Humanitarian and Community Development Support

Humanitarian and Community Development Support


For the unaccompanied young refugees and asylum seekers in CWS-supported shelters in Jakarta, life is often filled with waiting. Our team provides activities, including this trip in late 2016 to Bogasari Baking Center for an intensive, three-day baking course. A group of 14 unaccompanied asylum-seeking children from Afghanistan, Sri Lanka, Ethiopia and Somalia participated.


The CWS Protecting Urban Refugees through Empowerment program continues to support almost 500 especially vulnerable refugees and asylum seekers in Jakarta, including 200 unaccompanied and separated children. The program helps to ensure basic rights and protection and to address the risk of sexual and gender-based violence while improving response when harm does happen.

In partnership with national organizations Dompet Dhuafa and Lifespring and with Indonesian government officials, schools, hospitals and clinics, CWS provided monthly subsistence allowances to 480 people; enrolled 27 refugee children in schools; facilitated access to classes and recreation for more than 800; and facilitated health care – including mental health services – and health information access for nearly 3,000 people. Additionally, CWS supported 200 unaccompanied and separated children living in five CWS-organized group homes, in rented rooms or in foster care with families.

Timor Zero Hunger

Our team in West Timor expanded the Timor Zero Hunger program this year in partnership with families, community leaders and government colleagues. We are continuing to address hunger and malnutrition by integrating agriculture, nutrition, health, water supply and sanitation activities, thereby increasing nutritious food availability, especially for young children.

In the Ume Manekan Women and Children’s Hospital, nurses engaged mothers in the CWS-supported Therapeutic Feeding Center to treat 69 very young children for severe, acute malnutrition. This treatment included high-energy milk and nutritious food as well as education for ongoing care in order to sustain gains. Through partnership with the local government health and agriculture workers, 348 families with children under five have improved caring and feeding practices for these children. They also have more diverse diets that include protein as well as fruits, vegetables and staple grains because of complementary support for home gardens and chicken-raising. Also, about 100 households now enjoy increased safe water access. Each also benefited from better hygiene knowledge and practices, which CWS supported – especially the 50 families that built latrines.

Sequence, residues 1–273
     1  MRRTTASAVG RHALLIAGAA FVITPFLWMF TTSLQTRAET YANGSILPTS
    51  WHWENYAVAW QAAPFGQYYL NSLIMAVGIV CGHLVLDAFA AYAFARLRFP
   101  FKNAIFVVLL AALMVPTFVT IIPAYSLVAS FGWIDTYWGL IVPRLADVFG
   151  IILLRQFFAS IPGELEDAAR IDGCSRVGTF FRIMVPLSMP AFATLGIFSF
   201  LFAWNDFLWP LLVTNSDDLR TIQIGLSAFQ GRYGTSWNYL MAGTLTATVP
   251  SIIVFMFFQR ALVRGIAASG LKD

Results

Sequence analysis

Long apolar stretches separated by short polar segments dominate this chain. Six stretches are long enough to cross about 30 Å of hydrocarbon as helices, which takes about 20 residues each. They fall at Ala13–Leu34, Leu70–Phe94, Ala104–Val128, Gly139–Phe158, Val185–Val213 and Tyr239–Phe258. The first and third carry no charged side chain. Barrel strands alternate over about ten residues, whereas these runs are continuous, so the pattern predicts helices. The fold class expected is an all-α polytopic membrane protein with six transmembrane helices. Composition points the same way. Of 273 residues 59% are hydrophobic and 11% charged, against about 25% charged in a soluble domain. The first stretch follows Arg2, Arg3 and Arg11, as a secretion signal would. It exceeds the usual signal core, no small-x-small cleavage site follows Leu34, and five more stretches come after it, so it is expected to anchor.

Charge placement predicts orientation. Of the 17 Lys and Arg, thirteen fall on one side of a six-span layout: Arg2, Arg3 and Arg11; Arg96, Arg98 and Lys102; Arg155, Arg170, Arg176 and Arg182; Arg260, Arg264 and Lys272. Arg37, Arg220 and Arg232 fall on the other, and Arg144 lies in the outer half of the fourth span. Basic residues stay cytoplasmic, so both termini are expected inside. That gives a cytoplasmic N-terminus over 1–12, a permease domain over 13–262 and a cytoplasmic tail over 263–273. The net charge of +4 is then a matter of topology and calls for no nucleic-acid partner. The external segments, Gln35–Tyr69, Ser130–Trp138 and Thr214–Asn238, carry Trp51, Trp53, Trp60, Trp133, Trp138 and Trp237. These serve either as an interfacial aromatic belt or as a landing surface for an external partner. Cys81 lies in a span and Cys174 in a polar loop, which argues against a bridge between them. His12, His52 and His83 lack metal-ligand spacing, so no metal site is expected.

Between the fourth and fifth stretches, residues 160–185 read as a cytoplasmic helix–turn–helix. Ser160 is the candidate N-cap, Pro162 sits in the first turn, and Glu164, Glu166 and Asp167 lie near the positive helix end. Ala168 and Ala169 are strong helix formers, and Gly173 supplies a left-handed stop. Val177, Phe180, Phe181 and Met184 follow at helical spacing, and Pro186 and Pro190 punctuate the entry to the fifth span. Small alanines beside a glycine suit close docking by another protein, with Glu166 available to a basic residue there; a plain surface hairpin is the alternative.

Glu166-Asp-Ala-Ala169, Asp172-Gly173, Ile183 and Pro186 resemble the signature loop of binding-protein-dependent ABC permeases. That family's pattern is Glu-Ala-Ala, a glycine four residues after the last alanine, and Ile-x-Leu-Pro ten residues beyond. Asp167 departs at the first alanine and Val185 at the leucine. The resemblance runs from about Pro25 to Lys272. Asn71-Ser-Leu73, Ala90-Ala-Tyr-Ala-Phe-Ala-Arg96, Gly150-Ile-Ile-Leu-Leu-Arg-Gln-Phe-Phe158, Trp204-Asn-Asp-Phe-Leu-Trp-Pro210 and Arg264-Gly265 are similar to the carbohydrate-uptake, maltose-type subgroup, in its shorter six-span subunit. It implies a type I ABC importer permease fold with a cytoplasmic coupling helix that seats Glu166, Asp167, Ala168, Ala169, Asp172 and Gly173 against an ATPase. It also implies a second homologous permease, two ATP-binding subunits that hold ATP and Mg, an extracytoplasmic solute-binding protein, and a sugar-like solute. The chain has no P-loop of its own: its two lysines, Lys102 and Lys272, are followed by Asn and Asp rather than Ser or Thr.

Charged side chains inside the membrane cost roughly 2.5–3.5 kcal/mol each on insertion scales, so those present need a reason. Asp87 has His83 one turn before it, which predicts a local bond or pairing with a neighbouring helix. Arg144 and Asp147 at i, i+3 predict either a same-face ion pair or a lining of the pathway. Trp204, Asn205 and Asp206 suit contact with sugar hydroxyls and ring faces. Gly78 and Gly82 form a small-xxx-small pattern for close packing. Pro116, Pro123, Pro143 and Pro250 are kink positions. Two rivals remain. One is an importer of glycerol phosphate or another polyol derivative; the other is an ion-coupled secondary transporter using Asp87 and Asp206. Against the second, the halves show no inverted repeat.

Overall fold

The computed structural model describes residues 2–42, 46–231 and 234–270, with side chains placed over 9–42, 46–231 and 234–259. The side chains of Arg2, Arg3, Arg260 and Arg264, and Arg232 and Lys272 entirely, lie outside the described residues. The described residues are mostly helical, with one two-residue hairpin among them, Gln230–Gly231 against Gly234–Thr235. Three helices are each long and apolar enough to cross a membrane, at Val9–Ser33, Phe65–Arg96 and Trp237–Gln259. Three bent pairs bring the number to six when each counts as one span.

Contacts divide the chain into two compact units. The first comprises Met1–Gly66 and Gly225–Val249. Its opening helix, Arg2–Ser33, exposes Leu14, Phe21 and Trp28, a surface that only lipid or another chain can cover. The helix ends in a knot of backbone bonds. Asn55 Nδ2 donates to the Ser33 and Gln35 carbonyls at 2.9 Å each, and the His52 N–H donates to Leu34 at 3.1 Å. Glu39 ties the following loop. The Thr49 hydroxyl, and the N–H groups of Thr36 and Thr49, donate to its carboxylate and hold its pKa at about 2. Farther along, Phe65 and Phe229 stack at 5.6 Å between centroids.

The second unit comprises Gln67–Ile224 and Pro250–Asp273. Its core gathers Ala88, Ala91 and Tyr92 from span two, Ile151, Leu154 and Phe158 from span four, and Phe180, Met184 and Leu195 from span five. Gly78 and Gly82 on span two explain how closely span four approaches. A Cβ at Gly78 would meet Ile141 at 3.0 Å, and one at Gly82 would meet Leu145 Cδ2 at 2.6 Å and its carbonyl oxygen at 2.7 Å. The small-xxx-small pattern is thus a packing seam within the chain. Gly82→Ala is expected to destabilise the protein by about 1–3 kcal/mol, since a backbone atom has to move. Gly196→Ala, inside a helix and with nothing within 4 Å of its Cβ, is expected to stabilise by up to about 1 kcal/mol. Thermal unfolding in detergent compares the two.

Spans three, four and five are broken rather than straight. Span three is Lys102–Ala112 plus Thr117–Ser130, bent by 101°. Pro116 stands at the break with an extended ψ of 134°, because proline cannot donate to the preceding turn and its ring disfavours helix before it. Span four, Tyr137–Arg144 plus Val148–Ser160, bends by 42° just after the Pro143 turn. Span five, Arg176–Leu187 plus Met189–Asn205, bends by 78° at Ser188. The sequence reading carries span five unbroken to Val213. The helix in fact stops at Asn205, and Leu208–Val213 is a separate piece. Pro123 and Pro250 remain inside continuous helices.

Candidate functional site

Safe School and Safe Communities

In phase three of the Tana Toraja Safe Schools, Safe Communities program, CWS joined government partners to support more than 4,000 people in six villages to prepare for and mitigate natural disasters. As a result, communities are more informed, better able to adapt to climate change and prepared to respond – in partnership with government duty bearers – in the event of a disaster.


CWS teams worked with national, provincial and district Disaster Management Agency staff to improve emergency management systems in Timor Tengah Selatan district, West Timor, and Toraja Utara district, South Sulawesi. With local NGO partners Gerbang Mas and Inanta, CWS joined Agency staff to reach more than 7,000 people in four villages with innovative approaches. Together, we are building community resilience that links community needs and rights to government disaster risk management responsibilities. Through CWS-supported management forums and community team formation, villagers use local knowledge, lessons learned from past disasters and best practice to influence district policies and strategies.

Emergency Response

In addition to continuing humanitarian and development initiatives, in late 2016 our team facilitated the ACT Indonesia Forum response to the Aceh earthquake. We helped secure $54,000 in ACT Alliance quick response funds for YAKKUM Emergency Unit and Pelkesi, which is the Indonesian Christian Association for Health Service. This response had a positive, immediate impact on more than 5,000 vulnerable people.

CWS efforts in Indonesia positively impacted more than
17,000 people
in 16 communities this year.